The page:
Everyone thinks they knows what botox is all about: plastic surgery, puffy, inflated lips, unmoving cheeks– the Hollywood look. This may be true to an extent, but it’s not particularly accurate. Botox can be used in a number of practical applications, even in dentistry. Before we get to those applications it’s important to understand what Botox is and what it does.
Botox is the commercial term for botulinum toxin, a naturally occurring neurotoxin produced by the bacterium clostridium botulinum. Neurotoxins are very potent and can have potentially destructive impacts on nerve function snake venom is an good, and terrifying, example of a neurotoxin). The young and elderly are particularly susceptible to their impacts.
When used well, however, neurotoxins can also have positive, therapeutic effects in humans. Botox, of course, is a great example. The primary trait of Botox is its ability to cause muscle paralysis, which is why it has come to enjoy prevalent use in medicine, cosmetics and research.
Specifically, Botox is used to treat disorders characterized by hyperactive muscles. Put simply, Botox works by weakening or relaxing an underlying muscle that pulls too strongly in one way or another. We often think of muscles in the upper third of the face when we think of Botox being used. Other examples include reducing the activity of clenching muscles in the vocal cords, jaw, urinary tract, bladder, chin, lip and cheeks.
Dental Applications – Clenching and Bruxing
It shouldn’t surprise you to learn that Botox is used commonly in dentistry for a range of purposes. For example, many of us have a clenching or bruxing habit, which means that we grind our teeth while asleep or awake. Plenty of factors lead to this habit – medication side effects, stress and anxiety, sleep disorders, and problems with missing or crooked teeth – all of which lead back to hyperactivity in the muscles that operate the jaw. Research shows that injecting Botox into these muscles can help reduce clenching. With that said, Botox would have to be injected semi-regularly (every three to six months) to maintain results.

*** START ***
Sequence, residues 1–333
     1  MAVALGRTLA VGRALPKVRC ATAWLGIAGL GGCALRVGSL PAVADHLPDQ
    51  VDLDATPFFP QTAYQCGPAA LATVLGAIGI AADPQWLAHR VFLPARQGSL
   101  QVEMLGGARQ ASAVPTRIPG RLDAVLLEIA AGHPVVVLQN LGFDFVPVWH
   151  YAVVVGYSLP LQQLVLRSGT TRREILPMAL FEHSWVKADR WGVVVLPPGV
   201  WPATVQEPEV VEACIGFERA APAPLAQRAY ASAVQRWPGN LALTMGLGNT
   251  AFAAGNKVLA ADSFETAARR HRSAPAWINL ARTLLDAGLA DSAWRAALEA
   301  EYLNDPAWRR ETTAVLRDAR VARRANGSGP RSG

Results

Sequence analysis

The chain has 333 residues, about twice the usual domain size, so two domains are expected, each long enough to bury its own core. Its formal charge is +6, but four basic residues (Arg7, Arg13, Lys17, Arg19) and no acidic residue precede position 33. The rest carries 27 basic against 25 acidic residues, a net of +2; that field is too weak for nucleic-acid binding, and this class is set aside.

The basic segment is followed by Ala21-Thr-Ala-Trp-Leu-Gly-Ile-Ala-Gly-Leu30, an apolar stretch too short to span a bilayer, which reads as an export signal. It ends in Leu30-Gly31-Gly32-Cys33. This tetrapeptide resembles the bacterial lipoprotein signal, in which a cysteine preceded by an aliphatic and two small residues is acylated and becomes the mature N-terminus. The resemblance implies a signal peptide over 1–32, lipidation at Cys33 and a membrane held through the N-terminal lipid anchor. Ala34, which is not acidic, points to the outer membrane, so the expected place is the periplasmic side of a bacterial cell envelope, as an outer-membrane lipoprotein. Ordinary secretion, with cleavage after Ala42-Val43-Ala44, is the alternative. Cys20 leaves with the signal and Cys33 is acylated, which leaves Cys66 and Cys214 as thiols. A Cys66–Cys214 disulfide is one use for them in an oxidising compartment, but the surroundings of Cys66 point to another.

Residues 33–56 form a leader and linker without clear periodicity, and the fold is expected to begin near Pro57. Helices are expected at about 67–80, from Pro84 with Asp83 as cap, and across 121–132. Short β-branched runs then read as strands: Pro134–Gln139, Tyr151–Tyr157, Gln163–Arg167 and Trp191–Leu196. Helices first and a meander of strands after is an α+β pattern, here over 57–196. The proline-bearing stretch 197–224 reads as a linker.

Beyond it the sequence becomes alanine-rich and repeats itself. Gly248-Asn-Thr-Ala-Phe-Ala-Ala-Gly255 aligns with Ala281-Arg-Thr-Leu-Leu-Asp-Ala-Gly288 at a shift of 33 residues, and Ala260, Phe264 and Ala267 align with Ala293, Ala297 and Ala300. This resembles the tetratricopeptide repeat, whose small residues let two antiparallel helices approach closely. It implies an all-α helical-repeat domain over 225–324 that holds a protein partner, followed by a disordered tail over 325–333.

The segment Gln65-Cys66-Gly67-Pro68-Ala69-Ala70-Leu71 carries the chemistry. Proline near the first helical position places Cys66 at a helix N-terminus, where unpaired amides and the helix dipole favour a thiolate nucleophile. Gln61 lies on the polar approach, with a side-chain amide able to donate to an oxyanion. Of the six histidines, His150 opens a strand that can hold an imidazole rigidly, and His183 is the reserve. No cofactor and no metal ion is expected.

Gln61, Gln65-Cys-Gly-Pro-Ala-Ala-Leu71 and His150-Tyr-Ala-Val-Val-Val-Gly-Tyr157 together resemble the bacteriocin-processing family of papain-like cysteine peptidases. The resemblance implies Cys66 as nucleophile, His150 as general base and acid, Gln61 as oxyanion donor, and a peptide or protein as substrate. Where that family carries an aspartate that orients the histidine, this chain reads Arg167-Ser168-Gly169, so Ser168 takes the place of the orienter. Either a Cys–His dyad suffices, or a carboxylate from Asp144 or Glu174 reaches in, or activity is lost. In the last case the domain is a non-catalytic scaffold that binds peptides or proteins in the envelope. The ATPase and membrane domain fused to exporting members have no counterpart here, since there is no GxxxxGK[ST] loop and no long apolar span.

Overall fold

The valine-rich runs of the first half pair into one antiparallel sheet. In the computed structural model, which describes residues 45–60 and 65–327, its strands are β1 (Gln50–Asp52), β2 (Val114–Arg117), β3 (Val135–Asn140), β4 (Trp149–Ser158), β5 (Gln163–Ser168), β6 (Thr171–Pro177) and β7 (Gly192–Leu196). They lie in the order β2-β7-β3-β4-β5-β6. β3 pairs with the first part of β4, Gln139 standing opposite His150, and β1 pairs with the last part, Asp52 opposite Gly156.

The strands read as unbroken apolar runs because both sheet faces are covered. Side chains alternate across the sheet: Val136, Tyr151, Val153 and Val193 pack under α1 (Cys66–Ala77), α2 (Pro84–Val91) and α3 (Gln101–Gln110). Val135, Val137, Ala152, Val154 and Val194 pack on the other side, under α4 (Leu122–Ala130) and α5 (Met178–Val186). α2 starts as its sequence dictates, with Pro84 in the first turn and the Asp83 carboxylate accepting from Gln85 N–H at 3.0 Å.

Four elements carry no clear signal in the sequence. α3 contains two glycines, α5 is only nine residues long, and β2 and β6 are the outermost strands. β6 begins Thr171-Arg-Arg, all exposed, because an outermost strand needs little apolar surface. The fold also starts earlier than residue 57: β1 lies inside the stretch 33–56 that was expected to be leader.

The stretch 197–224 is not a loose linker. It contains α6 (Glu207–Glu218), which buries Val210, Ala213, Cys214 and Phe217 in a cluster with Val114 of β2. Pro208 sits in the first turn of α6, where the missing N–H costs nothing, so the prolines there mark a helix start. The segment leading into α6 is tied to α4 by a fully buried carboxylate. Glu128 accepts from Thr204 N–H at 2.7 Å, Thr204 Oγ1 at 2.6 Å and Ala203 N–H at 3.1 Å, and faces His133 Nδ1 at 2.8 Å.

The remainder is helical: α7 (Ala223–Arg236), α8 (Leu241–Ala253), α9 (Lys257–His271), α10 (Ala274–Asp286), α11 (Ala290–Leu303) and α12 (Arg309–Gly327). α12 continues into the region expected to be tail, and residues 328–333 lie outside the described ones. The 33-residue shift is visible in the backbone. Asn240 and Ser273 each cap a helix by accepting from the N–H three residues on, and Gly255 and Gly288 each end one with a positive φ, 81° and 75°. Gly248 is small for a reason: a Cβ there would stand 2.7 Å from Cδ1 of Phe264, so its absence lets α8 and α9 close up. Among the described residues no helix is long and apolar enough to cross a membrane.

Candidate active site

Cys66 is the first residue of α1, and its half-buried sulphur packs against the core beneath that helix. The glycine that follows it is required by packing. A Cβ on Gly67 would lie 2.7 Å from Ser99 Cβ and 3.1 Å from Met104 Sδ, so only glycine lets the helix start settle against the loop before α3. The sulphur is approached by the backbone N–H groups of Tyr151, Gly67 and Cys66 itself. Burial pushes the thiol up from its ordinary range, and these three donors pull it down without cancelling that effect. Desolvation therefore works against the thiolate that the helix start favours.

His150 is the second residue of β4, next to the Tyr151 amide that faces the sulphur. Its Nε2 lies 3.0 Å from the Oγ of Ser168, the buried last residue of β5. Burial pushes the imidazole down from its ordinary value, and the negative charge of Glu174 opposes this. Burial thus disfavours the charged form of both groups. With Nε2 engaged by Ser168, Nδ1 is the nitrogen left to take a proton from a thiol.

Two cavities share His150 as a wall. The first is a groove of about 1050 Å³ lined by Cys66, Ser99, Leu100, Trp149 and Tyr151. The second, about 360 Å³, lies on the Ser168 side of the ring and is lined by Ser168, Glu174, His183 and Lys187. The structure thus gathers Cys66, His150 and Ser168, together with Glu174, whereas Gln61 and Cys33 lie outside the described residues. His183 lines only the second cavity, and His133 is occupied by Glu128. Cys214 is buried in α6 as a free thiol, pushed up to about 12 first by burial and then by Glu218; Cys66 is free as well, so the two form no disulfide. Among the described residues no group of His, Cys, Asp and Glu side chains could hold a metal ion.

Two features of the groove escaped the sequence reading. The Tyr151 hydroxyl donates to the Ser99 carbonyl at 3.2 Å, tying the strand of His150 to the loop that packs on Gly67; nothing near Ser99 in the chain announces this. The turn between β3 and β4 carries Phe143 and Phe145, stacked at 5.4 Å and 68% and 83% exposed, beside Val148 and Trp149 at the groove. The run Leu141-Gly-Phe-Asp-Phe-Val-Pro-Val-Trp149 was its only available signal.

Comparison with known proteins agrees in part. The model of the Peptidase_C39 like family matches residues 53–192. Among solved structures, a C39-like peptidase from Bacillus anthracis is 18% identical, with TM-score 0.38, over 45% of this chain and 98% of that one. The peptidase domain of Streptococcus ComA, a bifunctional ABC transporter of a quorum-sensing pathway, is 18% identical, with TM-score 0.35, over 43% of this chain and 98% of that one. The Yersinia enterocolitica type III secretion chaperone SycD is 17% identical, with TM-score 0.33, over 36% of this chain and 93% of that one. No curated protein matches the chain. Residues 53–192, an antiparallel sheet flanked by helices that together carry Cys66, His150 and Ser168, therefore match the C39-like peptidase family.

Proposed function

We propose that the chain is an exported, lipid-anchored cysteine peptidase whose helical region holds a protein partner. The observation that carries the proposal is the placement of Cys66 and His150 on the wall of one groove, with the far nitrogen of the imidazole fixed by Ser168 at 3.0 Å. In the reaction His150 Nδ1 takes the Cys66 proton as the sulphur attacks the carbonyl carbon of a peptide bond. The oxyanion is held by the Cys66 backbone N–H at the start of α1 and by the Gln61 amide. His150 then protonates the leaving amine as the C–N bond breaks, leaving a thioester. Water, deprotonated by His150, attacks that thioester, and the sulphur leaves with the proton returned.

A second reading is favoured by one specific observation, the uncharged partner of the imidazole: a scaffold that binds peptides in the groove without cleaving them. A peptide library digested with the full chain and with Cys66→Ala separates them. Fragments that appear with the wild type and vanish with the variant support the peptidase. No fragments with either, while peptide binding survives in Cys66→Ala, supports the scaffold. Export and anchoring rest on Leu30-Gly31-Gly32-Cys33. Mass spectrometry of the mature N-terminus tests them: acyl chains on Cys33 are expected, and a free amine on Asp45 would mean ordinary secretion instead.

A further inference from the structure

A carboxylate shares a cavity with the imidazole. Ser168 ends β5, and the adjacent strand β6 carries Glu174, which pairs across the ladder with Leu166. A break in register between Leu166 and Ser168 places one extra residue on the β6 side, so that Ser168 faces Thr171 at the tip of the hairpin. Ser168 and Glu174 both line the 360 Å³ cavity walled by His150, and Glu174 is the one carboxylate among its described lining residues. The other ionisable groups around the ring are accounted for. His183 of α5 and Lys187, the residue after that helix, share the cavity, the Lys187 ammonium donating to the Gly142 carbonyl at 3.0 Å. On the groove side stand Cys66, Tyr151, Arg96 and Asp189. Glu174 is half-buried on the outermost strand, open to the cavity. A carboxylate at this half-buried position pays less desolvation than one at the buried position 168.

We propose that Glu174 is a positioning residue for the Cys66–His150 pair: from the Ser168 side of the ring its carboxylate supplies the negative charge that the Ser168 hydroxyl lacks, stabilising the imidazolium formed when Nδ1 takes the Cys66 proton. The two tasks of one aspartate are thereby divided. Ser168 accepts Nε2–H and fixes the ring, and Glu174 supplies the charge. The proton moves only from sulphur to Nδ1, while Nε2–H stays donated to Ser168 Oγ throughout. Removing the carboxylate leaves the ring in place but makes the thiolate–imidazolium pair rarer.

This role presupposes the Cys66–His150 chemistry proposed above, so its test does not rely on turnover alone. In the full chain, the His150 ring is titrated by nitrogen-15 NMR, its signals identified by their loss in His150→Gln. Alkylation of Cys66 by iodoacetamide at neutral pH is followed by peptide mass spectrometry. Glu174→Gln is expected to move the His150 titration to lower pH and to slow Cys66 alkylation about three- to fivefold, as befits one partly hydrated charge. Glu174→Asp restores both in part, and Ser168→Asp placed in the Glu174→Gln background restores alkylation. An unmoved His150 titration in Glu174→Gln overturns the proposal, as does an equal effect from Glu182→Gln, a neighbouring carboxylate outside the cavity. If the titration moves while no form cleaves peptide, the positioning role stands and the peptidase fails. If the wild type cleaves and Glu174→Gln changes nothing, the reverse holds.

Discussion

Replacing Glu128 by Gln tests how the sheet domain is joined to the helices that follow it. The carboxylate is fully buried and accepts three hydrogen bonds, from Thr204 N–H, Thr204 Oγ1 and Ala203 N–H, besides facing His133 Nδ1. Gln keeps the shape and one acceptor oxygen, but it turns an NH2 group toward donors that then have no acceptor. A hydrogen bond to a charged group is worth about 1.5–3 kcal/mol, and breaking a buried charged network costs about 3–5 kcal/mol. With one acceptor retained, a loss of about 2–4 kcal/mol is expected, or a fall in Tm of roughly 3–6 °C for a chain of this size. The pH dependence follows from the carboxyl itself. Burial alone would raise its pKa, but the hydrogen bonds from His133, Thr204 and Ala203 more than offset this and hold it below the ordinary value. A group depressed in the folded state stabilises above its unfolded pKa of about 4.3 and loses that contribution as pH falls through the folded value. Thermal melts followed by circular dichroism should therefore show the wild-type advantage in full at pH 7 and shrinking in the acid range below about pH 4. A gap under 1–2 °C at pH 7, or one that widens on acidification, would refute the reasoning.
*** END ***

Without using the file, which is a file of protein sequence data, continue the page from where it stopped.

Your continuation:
The Return of the Gummy Smile
We also use Botox to treat the so called “gummy smile” problem, which causes some people to show larger than normal amounts of gum tissue when they smile. I wrote about the gummy smile in another Dr. Pasha Cosmetic Insights article. There are many causes for this condition, and as a result many treatment options– Botox is among them.
In the article I explain that one of the causes of the gummy smile is a short, or hyperactive, lip. Normal lip mobility in a smile is around 6-8 mm. When you smile, or pronounce the letter “E” in an exaggerated way, your lip will move upwards within a range of 6-8 mm. In some people, this number exceeds 8 mm and can be up to 10 mm or even more. This causes too much of the gum tissue to be shown.
Injecting a small amount of Botox into the lip’s elevating muscles (responsible for smile movement) reduces their activity, thus limiting the amount of gum tissue revealed in the smile.
Planning and Outcomes
This article attempts to simplify Botox injections for information purposes, but please remember that this type of treatment should be properly planned and diagnosed by a cosmetic dentist. Botox treatments can be useful in the instances described above, but given its nature as a neurotoxin, Botox can reduce the activity of a lip such that it has an aging effect on the smile.
It’s important to be cautious and thoughtful when considering any cosmetic dentistry procedure. My practice supports a range of cosmetic dentistry procedures including Botox injections. I would be happy to speak to you about your options.